With drama and fury, President Joe Biden declared to the nation on Martin Luther King Jr. Day that state laws requiring voter ID or banning mass mailing of absentee ballots amounted to an "assault on our freedom to vote," especially for minority Americans.
Four days earlier, a poll in Michigan told a different story: Three-quarters of the battleground state voters supported ballot ID requirements, with black voters expressing the highest support at 79%.
Those findings have been confirmed in national polls as well, exposing a dilemma for Democrats in Washington who are making a last-ditch effort to pass legislation gutting many state and local controls of elections in favor of federal standards.
Those standards — like banning voter IDs, imposing no excuse absentee voting and making it harder to clean outdated voter rolls — are not what the majority of Americans are seeking.
"A recent national survey found that four key election reforms are supported by more than 80% of voters," pollster Scott Rasmussen recently wrote in an article highlighting the disconnect. "These include removing people who have died or moved from voter registration lists; requiring all voters to show photo ID before casting a ballot; wanting all ballots received by Election Day; and, having all voting machines made in the United States."
In Rasmussen's latest national poll on the issue, 78% of African-American voters supported voter ID.
Such public sentiments impose a harsh reality check on Biden's argument that state voter laws amount to "Jim Crow 2.0" and are disenfranchising poor and minority voters. Most voters don't see cleaning outdated names from voter roles or requiring IDs to cast ballots as "obstacles to the ballot box" like Biden argued in Monday’s speech.
The polling may also help to explain why several centrist Democrats like Sens. Joe Manchin of West Virginia, Jon Tester of Montana, and Kyrsten Sinema and Mark Kelly of Arizona are resisting efforts to change the Senate's filibuster rule so that Democratic voting legislation can pass with a simple majority and not the 60 votes currently required.
"Elections take place at the local level, in a decentralized way, because, number one, that is where you have transparency, that's where you have familiarity," former Ohio Secretary of State Ken Blackwell told Just the News. "That's where you where you have buy-in. And if you start to take it away from states and localities, you run the risk of the same clown car that has driven this constitutional republic to a disastrous edge.
"I will just say, quoting one of the historic figures, Thomas Paine, those who expect to reap the blessings of freedom must undergo the fatigue of supporting it," added Blackwell, Ohio's first black Republican elections chief. "That is what we now are seeing across this country. People are, in fact, resisting this stupidity."
Robert Woodson, a civil rights icon of the 1960s who has argued for more conservative, market-based solutions for black America in recent decades, said the disconnect between Democrats and the black community extends beyond voter ID to issues like defunding the police and is being driven by a small group of vocal elitists.
"If you just look at the numbers, 80% of blacks polled are against defunding the police, 60% polled do not believe that racial discrimination today is a principal barrier for them to have a successful life," Woodson told Just the News in a recent TV interview.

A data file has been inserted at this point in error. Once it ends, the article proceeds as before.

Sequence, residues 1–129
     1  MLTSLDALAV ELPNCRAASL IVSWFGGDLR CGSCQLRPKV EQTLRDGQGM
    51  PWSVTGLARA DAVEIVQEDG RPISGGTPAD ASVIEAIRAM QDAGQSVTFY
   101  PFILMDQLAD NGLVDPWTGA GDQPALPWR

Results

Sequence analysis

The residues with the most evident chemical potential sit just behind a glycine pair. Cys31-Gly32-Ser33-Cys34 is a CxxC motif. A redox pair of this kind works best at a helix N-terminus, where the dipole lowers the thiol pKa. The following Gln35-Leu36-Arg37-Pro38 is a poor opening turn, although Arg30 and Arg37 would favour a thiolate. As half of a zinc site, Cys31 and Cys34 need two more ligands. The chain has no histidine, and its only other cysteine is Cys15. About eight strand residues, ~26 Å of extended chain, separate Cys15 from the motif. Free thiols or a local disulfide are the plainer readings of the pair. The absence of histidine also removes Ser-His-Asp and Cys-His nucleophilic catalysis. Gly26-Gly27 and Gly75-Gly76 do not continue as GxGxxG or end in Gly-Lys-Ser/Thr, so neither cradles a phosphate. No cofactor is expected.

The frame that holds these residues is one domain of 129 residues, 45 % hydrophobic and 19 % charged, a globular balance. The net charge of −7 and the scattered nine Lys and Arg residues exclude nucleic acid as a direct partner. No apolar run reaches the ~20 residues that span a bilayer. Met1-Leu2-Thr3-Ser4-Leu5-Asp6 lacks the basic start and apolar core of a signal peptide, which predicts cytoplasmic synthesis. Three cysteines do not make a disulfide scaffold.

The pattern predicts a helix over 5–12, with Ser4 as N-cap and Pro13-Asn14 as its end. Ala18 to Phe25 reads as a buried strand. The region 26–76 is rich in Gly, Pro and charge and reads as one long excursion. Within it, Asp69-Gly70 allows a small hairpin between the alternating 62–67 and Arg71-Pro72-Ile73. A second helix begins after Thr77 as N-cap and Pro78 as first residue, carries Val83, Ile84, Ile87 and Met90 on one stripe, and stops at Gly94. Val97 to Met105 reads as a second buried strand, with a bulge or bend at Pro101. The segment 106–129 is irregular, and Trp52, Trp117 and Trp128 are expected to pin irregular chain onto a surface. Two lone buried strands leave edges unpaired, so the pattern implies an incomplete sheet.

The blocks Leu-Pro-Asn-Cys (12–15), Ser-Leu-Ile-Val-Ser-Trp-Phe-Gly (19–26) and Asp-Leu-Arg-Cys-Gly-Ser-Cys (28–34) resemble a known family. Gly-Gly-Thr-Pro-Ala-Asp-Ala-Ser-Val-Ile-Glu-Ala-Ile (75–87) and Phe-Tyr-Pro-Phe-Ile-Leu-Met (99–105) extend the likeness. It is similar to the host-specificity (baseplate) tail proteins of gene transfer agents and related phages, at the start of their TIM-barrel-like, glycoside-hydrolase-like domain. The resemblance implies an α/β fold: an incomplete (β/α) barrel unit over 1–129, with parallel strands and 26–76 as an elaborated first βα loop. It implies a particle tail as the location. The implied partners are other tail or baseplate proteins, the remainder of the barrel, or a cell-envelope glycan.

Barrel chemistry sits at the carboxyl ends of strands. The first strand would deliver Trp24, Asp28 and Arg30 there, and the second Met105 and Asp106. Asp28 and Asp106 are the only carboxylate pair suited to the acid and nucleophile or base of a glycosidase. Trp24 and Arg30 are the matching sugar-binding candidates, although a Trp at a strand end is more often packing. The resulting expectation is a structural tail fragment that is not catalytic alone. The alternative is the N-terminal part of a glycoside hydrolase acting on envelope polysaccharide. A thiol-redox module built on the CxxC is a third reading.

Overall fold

"And so it's really a small percentage of elites, both black and white progressives, who are pushing this fake narrative," Woodson added. "And they're being aided and abetted by the mainstream press who refuses to ask the critical questions. And it's really unfortunate that black lives are being sacrificed in order to get black votes. It's all political."
Sen. Tim Scott (R-S.C.), one of only two African Americans in the U.S. Senate right now, said in an interview published Monday that most people reject Biden's comparisons of today's voting legislation opponents to the segregationists of the past.
"To compare or conflate people who oppose his positions as being racists and traitors to the country is not only insulting and infuriating, it's dead wrong," Scott told the Associated Press. "All you have to do is know the facts, and you realize that the president wasn't misleading us only, he was actually fibbing to us, in order to amass political power — basically lying to us."
Biden's decision to use the King holiday as the backdrop to push his voting legislation exposed another rift: There isn't even agreement within the late civil rights leader's own family about the need for the legislation.
King's son, Martin Luther King III, joined Biden for Monday's push for the legislation, saying his father rejected arguments a half century ago that equality couldn't be furthered by one-party legislation.
"They told him he had to change hearts first," the younger King told the crowd. "And he worked hard at that. After all, he was a Baptist preacher. But he knew that when someone is denying you your fundamental rights, conversation and optimism won't get you very far."
But Alveda King, MLK's niece, has relentlessly attacked the Biden-backed legislation as the "Freedom to Cheat Act" that will increase the risk of election fraud while scolding the president for practicing racially divisive politics.
"It is grotesquely offensive to compare segregated lunch counters, attack dogs, firehoses, and Bull Connor to showing a photo ID to vote," she said in a joint statement with Blackwell last week. "Simply proving you are who you say you are to cast a ballot is fundamental to election security."